Daily Echo

Then from a small, one sided conversation, the relationship is on extremely rocky ground. Anxiety has superceded optimism.

This week, there has been a dramatic rise in the Roker Report inbox of panicky emails and fan letters regarding the genuine commitment of Stewart Donald and Charlie Methven and their authentic ability to make their Sunderland ownership a success.

Albeit, the thumping win against St. Mirren certainly lifted a significant portion of the angst.

Some fans buy into the conspiracy theory peddled by Lee Howey and others before Stewart Donald had barely made a decision as owner, that he and Methven are fly by night, Southern flash boys, with more gob than money. That beyond the slick exterior of promises and high expectations, there is actually very little substance. That it’s a vanity project of relatively small time businessmen, who like the prestige of owning a big club but have little in terms of capital to make any form of progress with it.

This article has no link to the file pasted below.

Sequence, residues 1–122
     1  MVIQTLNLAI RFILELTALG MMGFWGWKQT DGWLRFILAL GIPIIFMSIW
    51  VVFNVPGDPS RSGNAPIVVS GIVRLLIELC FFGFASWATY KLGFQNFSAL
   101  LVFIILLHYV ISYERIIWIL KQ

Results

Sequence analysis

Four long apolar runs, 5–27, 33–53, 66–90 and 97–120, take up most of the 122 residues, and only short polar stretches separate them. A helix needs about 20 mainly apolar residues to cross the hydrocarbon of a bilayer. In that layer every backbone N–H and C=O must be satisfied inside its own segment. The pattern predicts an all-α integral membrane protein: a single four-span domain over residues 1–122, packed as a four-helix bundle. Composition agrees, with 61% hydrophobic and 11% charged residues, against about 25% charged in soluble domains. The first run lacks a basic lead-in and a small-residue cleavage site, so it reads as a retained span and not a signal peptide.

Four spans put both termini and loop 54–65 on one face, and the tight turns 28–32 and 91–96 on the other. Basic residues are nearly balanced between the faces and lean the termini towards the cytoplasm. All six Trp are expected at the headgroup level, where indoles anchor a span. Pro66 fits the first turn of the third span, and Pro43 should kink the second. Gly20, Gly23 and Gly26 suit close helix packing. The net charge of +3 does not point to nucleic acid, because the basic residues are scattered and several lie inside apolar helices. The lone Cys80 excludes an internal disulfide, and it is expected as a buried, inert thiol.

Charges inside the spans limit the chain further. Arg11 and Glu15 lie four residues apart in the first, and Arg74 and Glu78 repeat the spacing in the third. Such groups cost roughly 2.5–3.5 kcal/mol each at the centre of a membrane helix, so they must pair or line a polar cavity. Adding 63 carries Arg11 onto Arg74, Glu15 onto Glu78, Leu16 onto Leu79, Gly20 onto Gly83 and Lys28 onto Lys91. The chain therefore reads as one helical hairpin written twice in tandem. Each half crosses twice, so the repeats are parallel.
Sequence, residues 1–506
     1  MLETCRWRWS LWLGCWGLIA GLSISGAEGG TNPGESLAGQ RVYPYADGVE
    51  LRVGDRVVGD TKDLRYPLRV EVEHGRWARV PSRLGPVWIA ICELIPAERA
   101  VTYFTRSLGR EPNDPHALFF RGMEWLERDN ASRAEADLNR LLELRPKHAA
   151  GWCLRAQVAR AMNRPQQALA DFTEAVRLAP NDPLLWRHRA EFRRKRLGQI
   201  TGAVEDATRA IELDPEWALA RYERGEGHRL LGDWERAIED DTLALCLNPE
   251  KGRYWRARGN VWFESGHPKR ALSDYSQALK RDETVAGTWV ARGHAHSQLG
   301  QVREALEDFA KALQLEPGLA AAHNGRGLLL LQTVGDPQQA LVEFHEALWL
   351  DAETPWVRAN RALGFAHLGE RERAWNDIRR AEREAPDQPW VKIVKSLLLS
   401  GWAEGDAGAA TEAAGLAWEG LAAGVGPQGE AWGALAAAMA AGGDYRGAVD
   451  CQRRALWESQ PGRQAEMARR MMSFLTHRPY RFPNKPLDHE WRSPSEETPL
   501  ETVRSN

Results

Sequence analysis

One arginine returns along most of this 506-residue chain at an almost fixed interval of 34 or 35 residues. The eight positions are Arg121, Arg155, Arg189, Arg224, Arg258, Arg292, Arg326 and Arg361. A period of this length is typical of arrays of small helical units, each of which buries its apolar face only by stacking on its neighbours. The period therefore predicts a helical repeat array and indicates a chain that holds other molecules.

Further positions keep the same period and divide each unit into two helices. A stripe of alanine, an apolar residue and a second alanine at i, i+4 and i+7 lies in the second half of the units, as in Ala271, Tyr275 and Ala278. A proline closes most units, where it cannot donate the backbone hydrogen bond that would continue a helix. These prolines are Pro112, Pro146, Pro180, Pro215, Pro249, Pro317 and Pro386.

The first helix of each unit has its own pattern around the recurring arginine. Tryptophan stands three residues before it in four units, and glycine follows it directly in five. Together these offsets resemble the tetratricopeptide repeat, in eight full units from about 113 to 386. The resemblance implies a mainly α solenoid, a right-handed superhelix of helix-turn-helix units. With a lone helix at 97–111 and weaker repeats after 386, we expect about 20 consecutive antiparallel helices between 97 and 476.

Other supporters are genuinely worried about the lack of money spent in the transfer market, considering Methven and Donald both made confident and bold remarks regarding our League One potential.

Thus far, without much hard cash spent, it’s quite understandable that some fans are concerned that perhaps all that glitters is not gold.

With one week to go until the new season kicks off I’m certain - after very successful PR campaigns by both Methven and particularly Donald - most supporters feel they have made a connection. This exciting ground of open and communicative ownership is new for us and many are finding it intoxicating yet, unbalanced. We rejoice at the ease of communication and then panic at what all these messages may or may not mean.

Sunderland supporters are recovering from a draining, emotionally uneven and destructive relationship with our former owner and the tailspin of those after after-effects is dizzying. It is little wonder we are sensitive and panic at the first sign of danger or deception.